Remember when sports games used to be weird? Sportsfriends does.
There was a time before the Madden-ocracy ushered in a hegemony of simulation-centric sports titles. In games like Ring King, Epyx Summer Games, and Track & Field, you'd be doing weird shit that vaguely resembled a sporting activity but with an energy and fanaticism that far outstrips what happened in real life. You were the one who was the athlete; yours was the skill that mattered.
The four games that come out today under the name Sportsfriends pick up that forgotten lineage and give modern players new experiences where their couch battles—and verbal insults—can rise to championship levels. Barabariball imagines what it'd look like if Smash Bros. had a baby with volleyball. Hokra's a super-fast soccer variant that fuses Atari-era visuals with ruthless competition. Super Pole Riders combines pole vaulting and martial arts. And Johann Sebastien Joust? It doesn't even have graphics. You might even touch other people playing it.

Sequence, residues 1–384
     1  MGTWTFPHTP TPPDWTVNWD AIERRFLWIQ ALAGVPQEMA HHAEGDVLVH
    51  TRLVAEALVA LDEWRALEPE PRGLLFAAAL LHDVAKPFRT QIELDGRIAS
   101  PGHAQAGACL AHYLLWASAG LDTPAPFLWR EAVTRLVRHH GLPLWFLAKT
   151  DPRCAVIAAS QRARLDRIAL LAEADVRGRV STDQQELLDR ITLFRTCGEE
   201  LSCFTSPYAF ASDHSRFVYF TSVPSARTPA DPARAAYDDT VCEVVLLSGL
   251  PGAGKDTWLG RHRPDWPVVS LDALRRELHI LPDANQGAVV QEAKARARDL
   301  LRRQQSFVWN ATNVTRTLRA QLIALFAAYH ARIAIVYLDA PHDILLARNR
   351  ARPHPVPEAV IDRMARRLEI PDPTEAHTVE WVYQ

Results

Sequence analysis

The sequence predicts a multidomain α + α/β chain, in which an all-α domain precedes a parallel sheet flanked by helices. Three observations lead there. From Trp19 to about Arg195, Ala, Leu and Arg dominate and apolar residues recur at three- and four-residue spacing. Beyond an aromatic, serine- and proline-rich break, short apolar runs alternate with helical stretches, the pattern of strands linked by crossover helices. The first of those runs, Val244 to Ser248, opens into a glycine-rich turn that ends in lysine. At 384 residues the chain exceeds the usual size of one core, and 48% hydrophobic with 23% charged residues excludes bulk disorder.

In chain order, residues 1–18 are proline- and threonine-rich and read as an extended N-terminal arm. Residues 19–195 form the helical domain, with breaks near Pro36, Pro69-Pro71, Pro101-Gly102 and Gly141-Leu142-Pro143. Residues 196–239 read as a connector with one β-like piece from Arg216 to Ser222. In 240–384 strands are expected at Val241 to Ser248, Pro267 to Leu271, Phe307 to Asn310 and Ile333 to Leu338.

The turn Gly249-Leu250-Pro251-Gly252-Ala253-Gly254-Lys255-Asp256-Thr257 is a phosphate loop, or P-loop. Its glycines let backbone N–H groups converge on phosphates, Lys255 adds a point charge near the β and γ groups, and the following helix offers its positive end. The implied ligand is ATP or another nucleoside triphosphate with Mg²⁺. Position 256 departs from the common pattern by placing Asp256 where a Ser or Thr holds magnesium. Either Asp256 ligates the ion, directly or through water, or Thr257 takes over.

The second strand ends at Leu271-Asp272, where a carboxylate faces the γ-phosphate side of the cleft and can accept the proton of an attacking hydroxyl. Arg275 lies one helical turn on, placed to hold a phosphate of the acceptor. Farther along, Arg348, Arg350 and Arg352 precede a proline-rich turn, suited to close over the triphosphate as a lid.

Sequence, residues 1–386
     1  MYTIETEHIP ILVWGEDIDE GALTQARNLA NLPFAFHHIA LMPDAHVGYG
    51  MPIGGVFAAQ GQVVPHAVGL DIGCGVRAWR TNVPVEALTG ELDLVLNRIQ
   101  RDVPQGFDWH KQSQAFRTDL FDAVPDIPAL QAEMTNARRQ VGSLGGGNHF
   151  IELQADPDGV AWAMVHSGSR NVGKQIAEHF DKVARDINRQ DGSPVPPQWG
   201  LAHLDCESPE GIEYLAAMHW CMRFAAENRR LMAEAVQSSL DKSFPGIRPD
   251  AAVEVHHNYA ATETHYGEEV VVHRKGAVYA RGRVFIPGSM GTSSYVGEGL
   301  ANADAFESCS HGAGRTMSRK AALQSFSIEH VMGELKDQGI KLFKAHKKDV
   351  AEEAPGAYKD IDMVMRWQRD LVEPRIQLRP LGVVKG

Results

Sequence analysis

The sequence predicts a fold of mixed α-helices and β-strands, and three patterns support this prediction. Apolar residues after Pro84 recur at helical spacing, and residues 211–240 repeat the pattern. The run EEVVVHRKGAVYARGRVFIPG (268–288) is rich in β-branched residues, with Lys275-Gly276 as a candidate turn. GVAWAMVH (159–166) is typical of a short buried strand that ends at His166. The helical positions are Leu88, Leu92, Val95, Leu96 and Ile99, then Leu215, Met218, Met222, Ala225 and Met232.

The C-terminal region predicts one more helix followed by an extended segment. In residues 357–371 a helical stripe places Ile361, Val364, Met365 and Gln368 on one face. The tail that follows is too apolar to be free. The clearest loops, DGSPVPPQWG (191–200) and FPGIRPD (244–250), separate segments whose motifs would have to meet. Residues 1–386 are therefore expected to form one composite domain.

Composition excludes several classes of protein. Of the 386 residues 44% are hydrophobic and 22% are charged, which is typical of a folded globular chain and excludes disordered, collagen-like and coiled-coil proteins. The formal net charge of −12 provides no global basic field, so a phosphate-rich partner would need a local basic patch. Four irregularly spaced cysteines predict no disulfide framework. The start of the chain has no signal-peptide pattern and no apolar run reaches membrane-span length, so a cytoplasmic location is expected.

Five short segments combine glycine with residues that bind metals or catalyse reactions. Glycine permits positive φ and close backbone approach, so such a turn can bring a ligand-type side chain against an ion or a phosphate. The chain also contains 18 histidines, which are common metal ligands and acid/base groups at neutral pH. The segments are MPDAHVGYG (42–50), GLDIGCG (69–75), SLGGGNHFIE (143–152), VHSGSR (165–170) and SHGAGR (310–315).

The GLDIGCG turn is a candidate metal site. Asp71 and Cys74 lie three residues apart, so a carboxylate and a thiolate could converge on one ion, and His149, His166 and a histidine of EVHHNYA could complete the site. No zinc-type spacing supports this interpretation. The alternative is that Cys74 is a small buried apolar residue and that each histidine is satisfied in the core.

In the interviews below, we spoke with the lead designers of Sportsfriends' four games to find out the inspirations and challenges of making their weird, rowdy virtual competitions. If you like the look of these games—and the unique take they offer onwhat it means to build skill and compete against others in a video gamewhat it means to build skill and compete against others in a video game—then you should probably know that Sportsfriends is out for PS3 and PS4 today.